Why Obama needs Jon Huntsman (and others like him)

Friday’s impressive jobs report is a positive shot in the arm for what the economy needs about now. Politically speaking, adding 243,000 new jobs — the most since last April — is good news indeed for the president’s approval ratings.

What caused many economists to breathe a sigh of relief is that many in the private sector appear to be hiring again, including specialty trades such as manufacturing. While this is no time to be popping champagne and celebrating the demise of the Great Recession, last month’s jobs report gives us many indications of the economy moving forward.

One of those indicators is foreign trade. This country is still the world’s No. 1 exporter, and it will not soon surrender that title. Over 96 percent of the world’s markets rest beyond our borders. We can only sell so many iPads and caramel mochas here stateside before we are stalled again in shallow economic waters.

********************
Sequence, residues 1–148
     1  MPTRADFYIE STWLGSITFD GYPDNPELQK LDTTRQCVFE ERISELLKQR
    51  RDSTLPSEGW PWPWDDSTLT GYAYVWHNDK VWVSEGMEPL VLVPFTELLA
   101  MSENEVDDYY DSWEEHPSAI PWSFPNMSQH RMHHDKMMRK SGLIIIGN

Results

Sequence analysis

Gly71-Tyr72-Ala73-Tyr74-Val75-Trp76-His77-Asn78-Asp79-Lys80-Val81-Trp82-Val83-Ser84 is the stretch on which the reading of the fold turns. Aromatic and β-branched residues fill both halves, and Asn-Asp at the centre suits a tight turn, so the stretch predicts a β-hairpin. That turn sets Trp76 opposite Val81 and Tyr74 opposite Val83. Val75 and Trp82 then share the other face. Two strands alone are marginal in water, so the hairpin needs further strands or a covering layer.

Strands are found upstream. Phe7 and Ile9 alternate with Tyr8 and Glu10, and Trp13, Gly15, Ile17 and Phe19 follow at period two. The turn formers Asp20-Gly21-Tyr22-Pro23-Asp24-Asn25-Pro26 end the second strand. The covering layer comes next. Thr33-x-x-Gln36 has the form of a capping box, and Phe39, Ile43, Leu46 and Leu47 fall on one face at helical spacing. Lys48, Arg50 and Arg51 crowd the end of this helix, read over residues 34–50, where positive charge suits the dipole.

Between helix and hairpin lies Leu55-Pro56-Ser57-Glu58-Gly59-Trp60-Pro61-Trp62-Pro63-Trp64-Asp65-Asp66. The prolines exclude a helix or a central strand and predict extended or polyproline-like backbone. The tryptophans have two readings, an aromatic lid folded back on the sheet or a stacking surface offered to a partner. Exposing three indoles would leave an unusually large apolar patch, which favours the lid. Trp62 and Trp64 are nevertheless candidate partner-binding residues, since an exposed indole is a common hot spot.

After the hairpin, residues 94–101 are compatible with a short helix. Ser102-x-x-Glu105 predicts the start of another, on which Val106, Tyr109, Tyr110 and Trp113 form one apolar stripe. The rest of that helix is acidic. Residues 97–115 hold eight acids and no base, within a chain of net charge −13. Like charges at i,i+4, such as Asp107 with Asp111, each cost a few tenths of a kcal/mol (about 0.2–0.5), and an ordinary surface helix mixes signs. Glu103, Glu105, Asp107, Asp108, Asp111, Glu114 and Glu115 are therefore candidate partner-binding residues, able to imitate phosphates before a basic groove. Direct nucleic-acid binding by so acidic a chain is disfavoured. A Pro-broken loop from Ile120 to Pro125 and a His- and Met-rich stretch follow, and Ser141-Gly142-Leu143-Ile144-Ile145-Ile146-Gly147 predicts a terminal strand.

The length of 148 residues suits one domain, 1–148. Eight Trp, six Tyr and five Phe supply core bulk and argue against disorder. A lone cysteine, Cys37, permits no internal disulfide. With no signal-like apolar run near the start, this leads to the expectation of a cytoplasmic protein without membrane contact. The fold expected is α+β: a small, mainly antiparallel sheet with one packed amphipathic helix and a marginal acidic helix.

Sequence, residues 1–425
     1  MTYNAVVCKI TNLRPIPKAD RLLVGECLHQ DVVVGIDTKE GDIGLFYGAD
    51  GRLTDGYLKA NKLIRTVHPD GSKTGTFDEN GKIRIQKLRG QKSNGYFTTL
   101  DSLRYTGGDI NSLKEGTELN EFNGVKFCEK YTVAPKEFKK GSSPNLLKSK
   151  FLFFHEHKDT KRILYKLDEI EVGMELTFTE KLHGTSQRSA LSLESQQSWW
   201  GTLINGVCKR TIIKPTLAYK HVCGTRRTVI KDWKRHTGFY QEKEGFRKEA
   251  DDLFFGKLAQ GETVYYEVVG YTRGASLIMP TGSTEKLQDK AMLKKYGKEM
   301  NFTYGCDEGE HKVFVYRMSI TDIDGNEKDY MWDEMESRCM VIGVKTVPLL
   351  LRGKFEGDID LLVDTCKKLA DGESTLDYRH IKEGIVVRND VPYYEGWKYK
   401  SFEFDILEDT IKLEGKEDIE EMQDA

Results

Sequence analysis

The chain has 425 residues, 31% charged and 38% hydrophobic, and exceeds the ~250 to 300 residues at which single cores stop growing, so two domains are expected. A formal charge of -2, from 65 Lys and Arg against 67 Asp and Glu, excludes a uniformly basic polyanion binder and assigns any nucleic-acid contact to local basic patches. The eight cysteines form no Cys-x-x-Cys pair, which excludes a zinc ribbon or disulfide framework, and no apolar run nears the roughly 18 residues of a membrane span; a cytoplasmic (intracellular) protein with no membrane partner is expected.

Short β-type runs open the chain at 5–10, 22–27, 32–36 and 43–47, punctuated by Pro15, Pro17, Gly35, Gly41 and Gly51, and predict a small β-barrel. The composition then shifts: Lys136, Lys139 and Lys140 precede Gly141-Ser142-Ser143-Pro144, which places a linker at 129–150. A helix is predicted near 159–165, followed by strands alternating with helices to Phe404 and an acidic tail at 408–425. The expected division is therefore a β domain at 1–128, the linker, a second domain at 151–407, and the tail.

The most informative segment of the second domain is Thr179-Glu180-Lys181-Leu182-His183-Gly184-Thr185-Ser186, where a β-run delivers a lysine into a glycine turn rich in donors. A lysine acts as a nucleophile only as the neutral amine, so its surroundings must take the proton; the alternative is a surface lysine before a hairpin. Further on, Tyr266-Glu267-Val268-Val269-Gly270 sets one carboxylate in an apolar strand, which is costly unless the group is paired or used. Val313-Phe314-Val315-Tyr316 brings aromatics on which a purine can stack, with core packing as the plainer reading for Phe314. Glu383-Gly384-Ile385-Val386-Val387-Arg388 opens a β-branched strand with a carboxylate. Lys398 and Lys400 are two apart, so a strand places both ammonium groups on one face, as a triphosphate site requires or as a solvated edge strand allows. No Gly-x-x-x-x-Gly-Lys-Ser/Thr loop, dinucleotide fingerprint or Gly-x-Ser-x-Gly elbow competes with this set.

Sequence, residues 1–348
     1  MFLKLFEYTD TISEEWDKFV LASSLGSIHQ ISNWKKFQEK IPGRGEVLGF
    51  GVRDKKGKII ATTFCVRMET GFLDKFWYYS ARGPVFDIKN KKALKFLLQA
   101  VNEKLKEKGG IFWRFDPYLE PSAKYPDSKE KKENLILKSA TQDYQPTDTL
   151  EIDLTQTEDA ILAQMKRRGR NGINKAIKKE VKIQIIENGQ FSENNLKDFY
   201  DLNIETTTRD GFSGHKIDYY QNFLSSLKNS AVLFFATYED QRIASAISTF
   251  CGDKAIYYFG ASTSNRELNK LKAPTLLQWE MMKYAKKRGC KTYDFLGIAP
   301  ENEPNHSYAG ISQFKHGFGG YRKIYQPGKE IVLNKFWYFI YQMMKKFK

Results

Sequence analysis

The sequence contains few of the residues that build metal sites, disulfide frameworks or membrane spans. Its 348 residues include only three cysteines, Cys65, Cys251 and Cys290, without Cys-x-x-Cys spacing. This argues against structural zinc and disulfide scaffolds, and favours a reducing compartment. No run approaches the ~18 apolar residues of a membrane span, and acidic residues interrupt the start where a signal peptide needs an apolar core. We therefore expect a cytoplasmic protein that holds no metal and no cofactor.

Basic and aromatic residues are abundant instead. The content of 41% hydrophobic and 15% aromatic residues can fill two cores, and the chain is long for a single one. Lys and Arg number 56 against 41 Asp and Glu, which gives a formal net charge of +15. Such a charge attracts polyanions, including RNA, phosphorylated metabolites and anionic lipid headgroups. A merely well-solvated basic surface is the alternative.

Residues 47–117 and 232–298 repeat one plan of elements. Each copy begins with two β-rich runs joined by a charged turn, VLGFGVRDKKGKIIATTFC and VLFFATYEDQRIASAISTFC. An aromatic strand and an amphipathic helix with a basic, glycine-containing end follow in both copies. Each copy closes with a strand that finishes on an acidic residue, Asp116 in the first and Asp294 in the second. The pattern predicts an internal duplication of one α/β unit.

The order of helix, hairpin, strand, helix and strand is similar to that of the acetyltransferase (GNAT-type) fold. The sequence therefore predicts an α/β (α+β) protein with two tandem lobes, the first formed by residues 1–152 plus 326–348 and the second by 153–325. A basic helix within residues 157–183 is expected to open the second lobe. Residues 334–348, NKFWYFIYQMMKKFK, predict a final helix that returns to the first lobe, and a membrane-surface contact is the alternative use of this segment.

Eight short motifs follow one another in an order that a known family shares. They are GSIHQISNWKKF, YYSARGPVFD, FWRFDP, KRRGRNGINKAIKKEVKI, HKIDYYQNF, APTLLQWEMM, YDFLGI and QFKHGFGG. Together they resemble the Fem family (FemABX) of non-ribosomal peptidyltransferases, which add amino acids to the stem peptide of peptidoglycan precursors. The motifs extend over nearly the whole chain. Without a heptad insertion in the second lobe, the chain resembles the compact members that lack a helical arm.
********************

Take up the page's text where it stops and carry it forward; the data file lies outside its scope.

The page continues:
Yes, American workers need foreign trade to boost employment here at home. That’s why the president should thank his former ambassador to China, Jon Huntsman, and many more like him. Huntsman understands what a free market looks like, and he did as good a job as he could pushing Beijing to adopt similar open policies.

If the president has any hopes of turning this ship of state around and further lowering the unemployment rate, enhanced international commerce will be one pillar in that foundation. I don’t know how he should do it, but if Obama were smart (and I know he is), he should look for more individuals such as Huntsman in and around his Cabinet.

I’m talking less about esoteric, policy-driven diplomats, and more business-savvy, commercially minded folks who see dollar signs on behalf of the American economy. It’s time to get a sales force on the international trade stage — a U.S. “dream team,” if you will, constantly pushing for American goods and know-how.  The days of outsourcing are over, hopefully. The president said as much during his State of the Union. Let’s build on that quality-is-better mantra that Americans have been known for and renew the push beyond our shores.